Barred from a third term as county executive, Ruppersberger opted to run for Congress in 2002 after 2nd District Congressman Bob Ehrlich made what turned out to be a successful run for governor. The Maryland General Assembly significantly altered the 2nd by shifting most of its share of Harford County to the 1st and 6th Districts. In its place, the legislature added a heavily Democratic portion of Baltimore City that had previously been in the 1st District. This turned the 2nd from a swing district into a strongly Democratic district.[citation needed]

An August 2011 editorial by The Washington Post described the 2nd district as "curlicue territories strung together by impossibly delicate tendrils of land" and "a crazy-quilt confection drawn for the express purpose of ousting the incumbent at the time, Rep. (and later Gov.) Robert L. "Bob" Ehrlich Jr., a Republican, and installing C.A. Dutch Ruppersberger, a Democrat who still holds the job."[12] He defeated Republican opponent Helen Delich Bentley, who had represented the 2nd district from 1985 to 1995, with 55 percent of the vote. He has never faced another close contest since then and has been reelected seven times.

On April 10, 2013, the Baltimore Sun reported that Ruppersberger was considering a run for governor of Maryland in 2014.[13] In January 2014, he announced that he would not run for governor, but instead would seek reelection to the House of Representatives.[14]

Electoral history[edit]

YearOfficeElectionSubjectPartyVotes %OpponentPartyVotes %
1994Baltimore County ExecutiveGeneralDutch RuppersbergerDemocraticN/AN/AN/AN/AN/AN/A
1998Baltimore County ExecutiveGeneralDutch RuppersbergerDemocratic166,48270.47John J. BishopRepublican69,44929.4
2002Maryland's 2nd congressional districtGeneralDutch RuppersbergerDemocratic105,71854.16Helen Delich BentleyRepublican88,95445.57
2004Maryland's 2nd congressional districtGeneralDutch RuppersbergerDemocratic164,75166.62Jane BrooksRepublican75,81230.66
2006Maryland's 2nd congressional districtGeneralDutch RuppersbergerDemocratic135,81869.21Jimmy MathisRepublican60,19530.68
2008Maryland's 2nd congressional districtGeneralDutch RuppersbergerDemocratic198,57871.9Richard Pryce MatthewsRepublican68,56124.8
2010Maryland's 2nd congressional districtGeneralDutch RuppersbergerDemocratic134,13364.21Marcelo CardarelliRepublican69,52333.28
2012Maryland's 2nd congressional districtGeneralDutch RuppersbergerDemocratic194,08865.6Nancy C. JacobsRepublican92,07131.1
2014Maryland's 2nd congressional districtGeneralDutch RuppersbergerDemocratic115,58661.3David BanachRepublican67,99536.0
2016Maryland's 2nd congressional districtGeneralDutch RuppersbergerDemocratic172.32462.2Patrick L. McDonoughRepublican92.09933.3

Personal life[edit]

Ruppersberger married his high school sweetheart in 1971 and has two grown children, Cory and Jill, and three grandchildren.[15]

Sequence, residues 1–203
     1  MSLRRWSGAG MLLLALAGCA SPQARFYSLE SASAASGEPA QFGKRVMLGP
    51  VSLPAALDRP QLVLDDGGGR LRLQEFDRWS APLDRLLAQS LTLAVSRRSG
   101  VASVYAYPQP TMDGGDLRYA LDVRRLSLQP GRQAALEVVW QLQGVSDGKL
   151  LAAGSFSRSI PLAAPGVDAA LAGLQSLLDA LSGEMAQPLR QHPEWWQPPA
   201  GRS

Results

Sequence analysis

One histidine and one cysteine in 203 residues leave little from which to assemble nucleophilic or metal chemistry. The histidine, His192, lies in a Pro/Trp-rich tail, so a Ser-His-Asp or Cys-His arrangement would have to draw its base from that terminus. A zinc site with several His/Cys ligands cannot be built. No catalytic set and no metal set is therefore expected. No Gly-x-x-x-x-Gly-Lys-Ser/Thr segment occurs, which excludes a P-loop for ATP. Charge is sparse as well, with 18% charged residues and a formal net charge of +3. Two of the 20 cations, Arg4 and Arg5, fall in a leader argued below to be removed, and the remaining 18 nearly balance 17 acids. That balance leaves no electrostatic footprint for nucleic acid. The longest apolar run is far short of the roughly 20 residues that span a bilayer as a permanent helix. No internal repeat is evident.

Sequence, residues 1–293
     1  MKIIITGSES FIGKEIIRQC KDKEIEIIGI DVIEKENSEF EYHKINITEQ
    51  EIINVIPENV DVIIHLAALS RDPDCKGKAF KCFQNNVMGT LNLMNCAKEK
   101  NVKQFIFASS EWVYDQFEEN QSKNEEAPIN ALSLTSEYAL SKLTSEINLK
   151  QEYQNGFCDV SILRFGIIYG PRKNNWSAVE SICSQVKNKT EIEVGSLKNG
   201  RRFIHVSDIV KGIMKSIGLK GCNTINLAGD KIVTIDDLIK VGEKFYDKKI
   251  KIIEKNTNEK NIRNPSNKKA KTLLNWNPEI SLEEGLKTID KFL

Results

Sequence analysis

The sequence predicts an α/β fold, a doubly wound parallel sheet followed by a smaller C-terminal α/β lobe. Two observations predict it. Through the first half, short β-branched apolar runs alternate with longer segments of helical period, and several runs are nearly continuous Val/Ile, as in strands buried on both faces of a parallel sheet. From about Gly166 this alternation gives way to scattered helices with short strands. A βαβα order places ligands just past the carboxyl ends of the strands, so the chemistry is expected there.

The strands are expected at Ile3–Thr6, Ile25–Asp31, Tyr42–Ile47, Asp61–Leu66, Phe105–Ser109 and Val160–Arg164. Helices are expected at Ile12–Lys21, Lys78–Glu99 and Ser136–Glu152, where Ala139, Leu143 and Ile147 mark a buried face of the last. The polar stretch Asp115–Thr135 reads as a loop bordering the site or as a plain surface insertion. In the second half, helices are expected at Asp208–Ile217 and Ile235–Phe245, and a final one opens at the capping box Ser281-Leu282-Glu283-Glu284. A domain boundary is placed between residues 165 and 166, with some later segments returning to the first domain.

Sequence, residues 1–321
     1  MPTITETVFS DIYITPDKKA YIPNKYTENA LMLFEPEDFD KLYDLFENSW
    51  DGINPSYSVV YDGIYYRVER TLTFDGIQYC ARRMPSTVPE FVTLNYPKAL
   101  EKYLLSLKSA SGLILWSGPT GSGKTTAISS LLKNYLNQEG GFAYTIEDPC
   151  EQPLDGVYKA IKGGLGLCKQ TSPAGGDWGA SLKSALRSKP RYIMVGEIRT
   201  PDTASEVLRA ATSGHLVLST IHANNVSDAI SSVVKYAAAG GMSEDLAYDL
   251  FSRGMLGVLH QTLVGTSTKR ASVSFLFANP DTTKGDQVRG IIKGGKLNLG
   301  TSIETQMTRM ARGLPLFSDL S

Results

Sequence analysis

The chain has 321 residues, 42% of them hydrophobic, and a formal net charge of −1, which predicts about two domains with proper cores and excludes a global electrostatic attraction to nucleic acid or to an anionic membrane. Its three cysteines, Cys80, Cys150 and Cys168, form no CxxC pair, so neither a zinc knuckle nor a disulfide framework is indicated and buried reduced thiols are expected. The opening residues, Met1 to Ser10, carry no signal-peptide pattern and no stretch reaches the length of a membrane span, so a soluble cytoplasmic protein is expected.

1. ^"dutch ruppersberger". Freepages.genealogy.rootsweb.ancestry.com. Retrieved 2014-08-13. 
  2. ^"Ruppersberger Receives Medal For 'Operation Hero Miles'". WBAL-TV. Retrieved August 17, 2011. [permanent dead link]
  3. ^"Hultgren, Ruppersberger Lead Bipartisan Effort to Keep Municipal Bonds Tax-Exempt". Congressman Randy Hultgren. 2013-07-11. Retrieved 2017-02-22. 
  4. ^"Hultgren, Ruppersberger Lead Bipartisan Effort to Protect Municipal Finance Tax Exemption". Congressman Randy Hultgren. 2015-04-15. Retrieved 2017-02-22. 
  5. ^"Ruppersberger, Hultgren Launch Bipartisan Caucus to Promote Investment in Local Communities". Congressman C.A. Dutch Ruppersberger. 2016-03-01. Retrieved 2017-02-22. 
  6. ^"House to take up cybersecurity bill with revisions". Reuters. April 11, 2012. 
  7. ^"H.R. 624 - Letters of Support | The Permanent Select Committee on Intelligence". Intelligence.house.gov. Archived from the original on 2014-08-13. Retrieved 2014-08-13. 
  8. ^"CISPA is Back: FAQ on What it is and Why it's Still Dangerous | Electronic Frontier Foundation". Eff.org. 2013-02-25. Retrieved 2014-08-13. 
  9. ^"FINAL VOTE RESULTS FOR ROLL CALL 192"(XML). Clerk.house.gov. Retrieved 2017-02-27. 
  10. ^[1]Archived April 22, 2013, at the Wayback Machine.
  11. ^Riley, Kim (2017-10-23). "Alliance for Biosecurity hails Rep. Ruppersberger's champion efforts around bioterrorism prevention". Homeland Preparedness News. Retrieved 2017-10-25. 
  12. ^"Maryland Democrats redraw the congressional district map". The Washington Post. August 20, 2011. Retrieved 22 August 2011. 
  13. ^"Ruppersberger considering run for Governor". The Baltimore Sun. April 10, 2013. Retrieved 11 April 2013. 
  14. ^"Congressman Ruppersberger Decides Against Run For Governor". wbal.com. January 22, 2014. Retrieved February 22, 2017. 
  15. ^Staff (2011-10-25). "Biography - Congressman Ruppersberger". Dutch.house.gov. Archived from the original on 2011-11-03. Retrieved 2011-11-20. 

External links[edit]

Ruppersberger calls on Congress to create a cabinet level intelligence director on August 3, 2004.